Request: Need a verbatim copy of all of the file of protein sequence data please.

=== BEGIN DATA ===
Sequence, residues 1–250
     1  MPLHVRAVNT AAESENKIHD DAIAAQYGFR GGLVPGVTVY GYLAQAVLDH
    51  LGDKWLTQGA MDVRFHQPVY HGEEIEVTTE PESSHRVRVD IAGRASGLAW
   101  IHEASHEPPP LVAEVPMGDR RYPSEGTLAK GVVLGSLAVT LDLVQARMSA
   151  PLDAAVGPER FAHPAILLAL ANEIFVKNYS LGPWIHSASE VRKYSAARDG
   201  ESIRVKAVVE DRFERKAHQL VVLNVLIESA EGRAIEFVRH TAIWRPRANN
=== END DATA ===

Sequence, residues 1–250
     1  MPLHVRAVNT AAESENKIHD DAIAAQYGFR GGLVPGVTVY GYLAQAVLDH
    51  LGDKWLTQGA MDVRFHQPVY HGEEIEVTTE PESSHRVRVD IAGRASGLAW
   101  IHEASHEPPP LVAEVPMGDR RYPSEGTLAK GVVLGSLAVT LDLVQARMSA
   151  PLDAAVGPER FAHPAILLAL ANEIFVKNYS LGPWIHSASE VRKYSAARDG
   201  ESIRVKAVVE DRFERKAHQL VVLNVLIESA EGRAIEFVRH TAIWRPRANN